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 The Legacy and Tragedy of Versace

April 18, 2018


He was the first designer to have a
Rock ‘n’ Roll approach to couture

In Town & Country magazine a piece about Gianni Versace, titled Family Drama, and written by Kate Betts, appeared in March 2018. It promoted the TV series American Crime Story, which is based on Vulgar Favors a book written by Maureen Orth that recounts Andrew Cunanan’s crime spree.

Back in the day, I had read Orth’s 452-page tome and thought it was excellent. This prompted me to note the date and time of the series (Wednesdays at 10 pm on FX, Channel 10) that featured Penelope Cruz and Edgar Ramirez. I wanted to be sure to watch. So I did – and I didn’t. I had forgotten that Andrew Cunanan committed four murders before he shot Versace in Miami. I’m positive I read this in Orth’s book but seeing them portrayed so graphically on American Crime Story was too much for me. I stopped watching after three one-hour segments.


Versace and his siblings were raised by their dressmaker mother and coal merchant father in Reggio Calabria, located on the toe of the boot of Italy. He spent his youth watching his mother and her studio of 45 seamstresses sew and made his first dress at the age of nine.

In 1972, when he was 26-years-old he moved north to Milan and designed for various clothing brands. Six years later, in 1978, he had his own fashion house and was showing sexy dresses in leather and lace. Being a southern Italian outsider in puritanical Milan was not easy. He ignored the criticism and surrounded himself with family and friends for protection.


Art, music, theatre, dance and classical sculpture all infused Versace’s daily life, whether he was in Lake Como, Miami or Milan. He was inspired by the three-dimensional works of Alexander Calder and by the gutsy glamour of his sister Donatella, his lifelong muse. He designed stage costumes for Tina Turner’s concerts and, in his flagship stores on Rue Faubourg Saint-Honoré in Paris and Fifth Avenue in New York he hung works by Julian Schnabel and Frank Stella. (I remember his Manhattan store very well – it was a jaw-dropping spectacle that stunned me.)

A super-glam ad for Versace that appeared in the March 2018 issue of Vogue

In my mind, he really soared when he created a punk-inspired black silk dress held together with giant gold safety pins that Elizabeth Hurley wore to a movie premiere in 1994. It’s his best-known design and is often called THAT DRESS. Her escort for the evening was actor Hugh Grant who was probably referred to as “that guy” – as in “Tell that guy to get out of the way so we can see “that dress.” Poor Hugh.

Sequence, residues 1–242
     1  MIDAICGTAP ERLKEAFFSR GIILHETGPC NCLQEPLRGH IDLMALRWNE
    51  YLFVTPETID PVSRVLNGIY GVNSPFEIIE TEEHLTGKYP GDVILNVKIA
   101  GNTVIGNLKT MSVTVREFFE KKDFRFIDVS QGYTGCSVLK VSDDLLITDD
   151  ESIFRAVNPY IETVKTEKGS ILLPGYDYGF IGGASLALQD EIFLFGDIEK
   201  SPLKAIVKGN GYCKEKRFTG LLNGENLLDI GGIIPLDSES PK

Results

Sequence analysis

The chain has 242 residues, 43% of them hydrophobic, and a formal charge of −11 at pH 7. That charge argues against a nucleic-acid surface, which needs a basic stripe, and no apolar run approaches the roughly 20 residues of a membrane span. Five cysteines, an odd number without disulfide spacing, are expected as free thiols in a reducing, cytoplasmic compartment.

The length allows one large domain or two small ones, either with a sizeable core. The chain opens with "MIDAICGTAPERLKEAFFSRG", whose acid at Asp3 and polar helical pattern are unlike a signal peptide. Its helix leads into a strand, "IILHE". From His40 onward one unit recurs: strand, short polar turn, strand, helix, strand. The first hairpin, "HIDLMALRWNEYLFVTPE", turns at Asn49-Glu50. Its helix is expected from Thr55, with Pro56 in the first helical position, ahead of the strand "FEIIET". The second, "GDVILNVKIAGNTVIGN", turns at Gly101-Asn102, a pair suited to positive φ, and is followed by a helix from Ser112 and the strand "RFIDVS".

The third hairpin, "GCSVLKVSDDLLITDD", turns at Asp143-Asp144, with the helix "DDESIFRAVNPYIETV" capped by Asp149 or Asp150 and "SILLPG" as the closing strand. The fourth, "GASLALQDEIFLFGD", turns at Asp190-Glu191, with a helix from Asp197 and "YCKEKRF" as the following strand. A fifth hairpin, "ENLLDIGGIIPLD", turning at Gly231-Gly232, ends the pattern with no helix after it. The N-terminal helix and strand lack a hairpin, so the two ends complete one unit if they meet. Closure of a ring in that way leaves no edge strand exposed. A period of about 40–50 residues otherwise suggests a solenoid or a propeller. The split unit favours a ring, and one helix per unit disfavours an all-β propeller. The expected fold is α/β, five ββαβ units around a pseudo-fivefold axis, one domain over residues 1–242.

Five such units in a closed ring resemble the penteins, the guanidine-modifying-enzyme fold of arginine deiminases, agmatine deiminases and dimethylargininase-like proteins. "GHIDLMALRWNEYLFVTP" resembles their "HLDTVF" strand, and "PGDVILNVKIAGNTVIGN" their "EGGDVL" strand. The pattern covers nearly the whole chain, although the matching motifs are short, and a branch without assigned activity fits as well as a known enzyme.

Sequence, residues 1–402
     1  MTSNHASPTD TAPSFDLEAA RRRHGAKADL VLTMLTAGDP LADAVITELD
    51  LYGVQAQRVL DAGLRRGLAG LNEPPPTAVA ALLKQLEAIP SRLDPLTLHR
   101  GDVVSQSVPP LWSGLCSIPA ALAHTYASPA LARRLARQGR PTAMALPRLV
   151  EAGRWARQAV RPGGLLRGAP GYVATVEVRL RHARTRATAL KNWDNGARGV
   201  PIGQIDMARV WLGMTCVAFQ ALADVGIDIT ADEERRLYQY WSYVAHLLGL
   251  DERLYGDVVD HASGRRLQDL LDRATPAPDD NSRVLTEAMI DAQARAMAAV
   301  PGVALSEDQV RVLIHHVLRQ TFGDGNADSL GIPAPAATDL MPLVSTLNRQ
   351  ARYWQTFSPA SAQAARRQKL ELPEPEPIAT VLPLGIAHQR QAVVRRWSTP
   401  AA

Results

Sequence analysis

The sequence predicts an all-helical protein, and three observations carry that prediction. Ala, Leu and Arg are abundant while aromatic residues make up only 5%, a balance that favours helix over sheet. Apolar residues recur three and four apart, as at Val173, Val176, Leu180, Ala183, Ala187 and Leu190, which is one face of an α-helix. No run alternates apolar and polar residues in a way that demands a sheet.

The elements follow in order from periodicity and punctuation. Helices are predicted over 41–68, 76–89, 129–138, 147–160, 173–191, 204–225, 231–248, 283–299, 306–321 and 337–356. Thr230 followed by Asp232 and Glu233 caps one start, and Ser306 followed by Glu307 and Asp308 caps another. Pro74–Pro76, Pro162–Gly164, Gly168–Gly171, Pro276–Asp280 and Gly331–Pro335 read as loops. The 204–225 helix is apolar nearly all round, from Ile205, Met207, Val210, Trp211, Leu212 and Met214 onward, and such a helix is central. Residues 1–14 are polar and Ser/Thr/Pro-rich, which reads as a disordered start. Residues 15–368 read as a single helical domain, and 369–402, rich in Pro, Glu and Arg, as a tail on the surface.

To honor her brother and the 20th Anniversary of his death, Donatella staged a tribute collection in Milan’s Triennale Museum on September 22, 2017 with a retrospective – or reinterpretation – of his iconic fashions.

But this was not enough. She had to somehow recapture the moment – the excitement of 1990s glamour. So she called her supermodel friends and hired all of them to walk the runway. Out came Claudia Schiffer, Carla Bruni, Naomi Campbell, Cindy Crawford and Helena Christensen. At the end Donatella appeared and they all marched forward together as if a minute had not gone by since the mid-90s supermodel apogee. THE AUDIENCE WENT CRAZY AS IT JUMPED TO ITS FEET CHEERING AND CLAPPING.  

ABOUT THE OSCARS: Now, a quick look at a controversial Oscar “Best Picture” nominee: Phantom Thread. I say it that way because everyone I speak to seems to have a different opinion about this film that stars the super-talented, Daniel Day-Lewis. Personally, I loved it. But I must admit. A big part of this was my admiration for Daniel’s stellar performance. But talking to others I heard expressions such as, “a curious picture” or “couldn’t relate to the fashions” or “didn’t care for the actresses” – in short: not too much enthusiasm. Update: it didn’t win “Best Picture” – no surprise, I’m afraid.

Shaun Nelson-Henrick

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